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Prof Euan Phimister
May 2, 2023 @ 17:3018:30
Making economic models useful in an interdisciplinary world
Economists remain in key roles in business, government and academia. Their particular way of looking at the world is still central within economic and financial decision making. Particularly during the financial crash in the late 2000s, this way of looking at the world, or ‘mainstream economic thinking’, has been criticised and challenged. Specifically, their way of seeing the world through economic models, their lack of interdisciplinarity in that other approaches and disciplines outside their domains are seldom considered, their willingness to apply economic models apparently unthinkingly and their reliance on quantitative evidence only have long been criticised by social and other scientists.
The rise of data science, artificial intelligence and data scientists poses an additional challenge to economists’ historical primacy as the experts in economic, quantitative data analysis, and in providing support for decision making in government and business. Given the criticisms from other scientists and the rise of data science, the question is: How can economic thinking and modelling remain useful?
Euan Phimister has applied mainstream economics methods throughout his research career, looking at issues in agriculture, natural resources and the environment. In this lecture, he draws on his research experience to provide perspectives on how economic thinking and modelling can remain useful in an interdisciplinary scientific world.
With the ‘right people in the room’ he argues that economic thinking and modelling can be catalysts for ‘combined thinking’ across social and other sciences, linking understanding of decision making and human behaviour to methods with which scientists can engage. Listening and being more open to other disciplines can enrich economists’ work and its limits, but economists should also assist and service other disciplines (rather than the other way around), and in this way mainstream economic thinking and modelling can remain useful and relevant.
Economists’ capacity in quantitative data analysis and model building links naturally with analytical methods used in science. Although the conceptual approaches may be very different, their aim to reflect decision making in their work means that the research questions they ask are often similar to those from other social sciences.
The lecture concludes with some reflections on the potential implications of making economic thinking and modelling useful for a field such as development finance, which is often considered a sub-area of finance and economics, and consequently the education of development finance specialists in business schools in Africa.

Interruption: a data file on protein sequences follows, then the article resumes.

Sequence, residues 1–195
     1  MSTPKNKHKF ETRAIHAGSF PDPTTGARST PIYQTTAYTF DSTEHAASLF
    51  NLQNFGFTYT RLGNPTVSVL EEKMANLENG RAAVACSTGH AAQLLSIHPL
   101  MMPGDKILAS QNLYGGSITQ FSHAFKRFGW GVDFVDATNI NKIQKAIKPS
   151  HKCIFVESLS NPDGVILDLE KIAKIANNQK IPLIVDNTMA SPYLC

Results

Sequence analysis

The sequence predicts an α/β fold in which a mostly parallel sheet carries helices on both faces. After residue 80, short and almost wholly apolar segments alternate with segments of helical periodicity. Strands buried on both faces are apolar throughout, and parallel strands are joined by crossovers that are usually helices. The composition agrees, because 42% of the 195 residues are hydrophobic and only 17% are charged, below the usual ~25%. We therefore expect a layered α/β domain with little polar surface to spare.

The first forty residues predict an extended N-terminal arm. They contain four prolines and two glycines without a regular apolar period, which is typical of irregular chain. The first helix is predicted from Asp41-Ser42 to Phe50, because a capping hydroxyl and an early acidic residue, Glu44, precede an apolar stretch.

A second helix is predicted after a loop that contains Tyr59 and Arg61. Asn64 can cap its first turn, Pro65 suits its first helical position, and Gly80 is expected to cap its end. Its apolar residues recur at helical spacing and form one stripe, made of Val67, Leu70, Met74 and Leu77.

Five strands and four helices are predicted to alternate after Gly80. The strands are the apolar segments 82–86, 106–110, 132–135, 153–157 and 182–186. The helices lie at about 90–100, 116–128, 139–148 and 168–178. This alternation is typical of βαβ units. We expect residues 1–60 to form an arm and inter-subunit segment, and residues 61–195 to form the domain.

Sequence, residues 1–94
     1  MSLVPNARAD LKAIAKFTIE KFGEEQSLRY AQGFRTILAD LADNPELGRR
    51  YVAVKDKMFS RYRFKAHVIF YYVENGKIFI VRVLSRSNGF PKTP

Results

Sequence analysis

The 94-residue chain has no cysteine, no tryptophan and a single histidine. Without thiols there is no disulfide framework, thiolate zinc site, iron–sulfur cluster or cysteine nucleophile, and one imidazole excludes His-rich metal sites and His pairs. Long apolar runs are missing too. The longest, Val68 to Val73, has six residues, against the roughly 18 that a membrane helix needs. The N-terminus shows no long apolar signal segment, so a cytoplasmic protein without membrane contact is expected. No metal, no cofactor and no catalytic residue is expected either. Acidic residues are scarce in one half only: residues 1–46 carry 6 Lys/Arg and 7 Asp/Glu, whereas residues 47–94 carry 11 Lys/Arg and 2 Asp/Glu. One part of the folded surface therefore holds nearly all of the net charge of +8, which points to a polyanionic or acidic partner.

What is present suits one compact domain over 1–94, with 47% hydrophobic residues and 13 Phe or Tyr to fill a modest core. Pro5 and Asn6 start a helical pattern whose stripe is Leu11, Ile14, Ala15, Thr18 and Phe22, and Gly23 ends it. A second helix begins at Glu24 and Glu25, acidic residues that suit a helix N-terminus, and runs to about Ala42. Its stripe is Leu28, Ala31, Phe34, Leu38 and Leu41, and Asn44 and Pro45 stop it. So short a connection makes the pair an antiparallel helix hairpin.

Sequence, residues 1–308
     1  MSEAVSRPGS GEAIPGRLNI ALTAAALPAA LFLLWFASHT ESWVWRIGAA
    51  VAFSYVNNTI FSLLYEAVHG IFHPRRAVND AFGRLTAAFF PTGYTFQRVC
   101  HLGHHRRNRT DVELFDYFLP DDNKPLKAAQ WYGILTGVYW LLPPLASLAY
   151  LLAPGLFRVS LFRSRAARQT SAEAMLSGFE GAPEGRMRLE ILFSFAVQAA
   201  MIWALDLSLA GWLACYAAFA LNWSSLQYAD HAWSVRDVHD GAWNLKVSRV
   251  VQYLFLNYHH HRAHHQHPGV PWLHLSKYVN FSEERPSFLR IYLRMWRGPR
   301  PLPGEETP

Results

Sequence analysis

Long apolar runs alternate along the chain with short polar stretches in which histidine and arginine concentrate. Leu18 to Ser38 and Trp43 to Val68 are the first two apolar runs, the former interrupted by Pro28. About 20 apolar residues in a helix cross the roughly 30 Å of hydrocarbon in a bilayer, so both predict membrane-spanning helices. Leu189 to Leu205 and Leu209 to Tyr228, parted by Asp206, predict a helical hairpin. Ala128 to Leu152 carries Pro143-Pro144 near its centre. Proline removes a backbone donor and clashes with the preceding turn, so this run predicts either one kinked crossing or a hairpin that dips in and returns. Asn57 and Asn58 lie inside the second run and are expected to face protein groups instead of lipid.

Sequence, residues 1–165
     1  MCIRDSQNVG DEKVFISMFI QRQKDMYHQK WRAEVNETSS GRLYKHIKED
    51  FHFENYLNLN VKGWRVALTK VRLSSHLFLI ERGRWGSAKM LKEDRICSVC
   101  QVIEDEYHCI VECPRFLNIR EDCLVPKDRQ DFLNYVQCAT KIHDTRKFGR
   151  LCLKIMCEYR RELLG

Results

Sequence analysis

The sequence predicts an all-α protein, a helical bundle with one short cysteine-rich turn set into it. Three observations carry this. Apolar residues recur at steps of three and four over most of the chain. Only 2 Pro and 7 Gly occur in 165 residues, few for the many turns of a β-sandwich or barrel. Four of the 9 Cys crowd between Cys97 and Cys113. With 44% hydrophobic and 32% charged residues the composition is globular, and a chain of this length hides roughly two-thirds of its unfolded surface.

Euan Phimister is a professor of Development Finance and head of Development Finance at Stellenbosch Business School. He is an applied economist whose research focuses on agriculture, natural resources and the environment. This includes current work on farm households and rural development, access to energy and fuel poverty, and improving the control of invasive species.
After an honours degree in Agriculture at the University of Aberdeen, Scotland, he obtained his MSc and PhD in Agricultural Economics from the University of Manchester, UK – the latter developing from time spent at the Centre for World Food Studies, Vrije Universiteit, Amsterdam. His first permanent academic post was as a lecturer in Operational Research in the Department of Econometrics, University of Manchester, before he moved to the University of Aberdeen where, before joining Stellenbosch Business School, he was a professor of Economics in the Business School. During his career at the University of Aberdeen, he was head of Economics, deputy head, director of Research and director of Resources at the Business School. He has been a visiting researcher at INRA, Rennes, France and the Agricultural Economics Institute, The Hague, and is currently an honorary associate of the James Hutton Research Institute, Scotland, and a senior fellow of the UK Higher Education Academy. He has also undertaken a range of consultancy projects, including work for the Angolan government and economy-wide modelling of rural development policies for the EU Commission.
Over the last 10 years, he has been involved in a variety of interdisciplinary externally funded research projects involving partners from Ethiopia, Ghana and Uganda. He is currently leading a Global Challenges Research Fund project on land and soil degradation in Ethiopia involving soil science, environmental modelling, economics and wider social science. Since 2019, he has also been part of a project with an international team of ecologists assisting in developing economic and financial models to improve invasive species management in Argentina, Chile and Brazil.
He was a member of the UK Research Excellence Panel for Agriculture, Veterinary and Food Science, which evaluated research by UK universities for the periods 2007–2014 and 2014–2021, the results of which formed the basis of the UK government’s distribution of core research funding to UK universities. He is also an associate editor of the Journal of Agricultural Economics. His research has been published in a variety of international peer-reviewed academic journals.